It was 9 September, 2009. A young boy had just squandered a winning position against an experienced Indian grandmaster. With the draw, he had missed out on making his first grandmaster norm. The 14-year-old signed the scoresheets and went into the corner of the hall. Sitting with his back to the wall, he wept uncontrollably. No amount of coaxing from his mother or friends could relieve his sadness.
The talented youngster from Nashik has come a long way from that evening in Kolkata. Vidit Gujrathi's acumen for the game of chess was unquestionable. His hunger for victory was evident right from the days when he took his first steps in chess. The game changer has been his balanced mindset and the ability to take losses in his stride and fight back. This has made Vidit a well-rounded player and favourable results have started to flow.
At the World Rapid Championships 2016, Vidit began with a bang. He beat Baadur Jobava, Vladislav Artemiev and Vladimir Akopian on day one. When the second day started, he was pitted against the formidable Alexander Grischuk. Vidit lost that game. But he didn't lose his cool. He first played a safe game against the World Championship challenger Sergey Karjakin. By drawing that game he got his momentum back. In the eighth round, he slayed the Polish number one Radoslaw Wojtaszek. A draw with Bulgarian Ivan Cheparinov was followed by another huge win against Maxime Vachier-Lagrave.
These 2,750-plus rated players like Wojtaszek and Vachier-Lagrave are extremely strong even in this short time format. They calculate at the speed of light and it's very difficult to trick them. Against such well-established opposition Vidit was able to convert equal endgames into wins. This is very surprising, because it's usually the lower rated players who make errors in equal positions. Vidit proved to everyone that he is much stronger than his rapid rating of 2,643 and that with his quick sight, and fast thinking skills, he can be right at the top of the chess world. He will gain 56 Elo points and is on the verge of crossing 2,700 Elo in Rapid chess.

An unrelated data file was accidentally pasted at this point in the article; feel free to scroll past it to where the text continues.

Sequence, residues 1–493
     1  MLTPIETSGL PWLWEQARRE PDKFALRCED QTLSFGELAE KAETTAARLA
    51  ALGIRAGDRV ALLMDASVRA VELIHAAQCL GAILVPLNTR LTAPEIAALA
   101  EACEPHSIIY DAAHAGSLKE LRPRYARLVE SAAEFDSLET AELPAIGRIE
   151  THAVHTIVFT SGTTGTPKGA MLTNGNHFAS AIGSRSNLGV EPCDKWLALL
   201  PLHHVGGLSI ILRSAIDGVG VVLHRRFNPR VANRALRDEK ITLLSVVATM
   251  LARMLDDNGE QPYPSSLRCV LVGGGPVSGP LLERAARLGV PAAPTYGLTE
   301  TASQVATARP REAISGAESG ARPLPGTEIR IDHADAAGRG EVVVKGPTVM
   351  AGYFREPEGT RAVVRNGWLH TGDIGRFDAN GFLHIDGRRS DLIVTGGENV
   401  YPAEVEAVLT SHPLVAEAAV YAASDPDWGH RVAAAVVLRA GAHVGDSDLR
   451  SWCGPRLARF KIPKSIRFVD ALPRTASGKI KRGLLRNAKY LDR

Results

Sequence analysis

Viswanathan Anand's progress has been not particularly smooth at this event, but he hasn't lost a game yet. With four wins and six draws, Anand is on 7.0/10 and is on the eighth position. Anand will play Azerbaijan's Shakhriyar Mamedyarov in the 11th round. With both Vidit and Anand on 7.0/10, there are high chances that the two would play against each other in one of the next five rounds. While Anand would clearly be the favourite, Vidit's form is not to be underestimated. In terms of an Indian finishing on the podium, this might not be the best of matchups, but to witness a battle between two different generations of Indian chess is quite mouth-watering!
As far as women's section is concerned, both Koneru Humpy and Harika Dronavalli haven't been able to showcase their best chess. They are surely considered as two of the best women players in the world today. However, they are struggling to make a mark. Humpy is on the 22nd position and Harika on 16th. They will definitely need a lot of will power in the remaining four rounds in order to win a medal.
The last five rounds will be played in the open section on Wednesday. Vidit and Anand are the only two Indians who can win a medal. What are the chances of them succeeding? As far as Anand is concerned, he has been in such pressure situations throughout his career. That's the reason why I have a feeling that Anand should finish in the top three. For Vidit this is a new scenario. He wouldn't have imagined that after two-thirds of the tournament he would be among the leaders. This will be a big test for the boy from Nashik.
Standings in the women section after round eight. Full pairings.
Standings after round ten for open section. Full pairings.
Sagar Shah, is an International Master and co-founder of ChessBase India.
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Updated Date: Dec 28, 2016 19:30:55 IST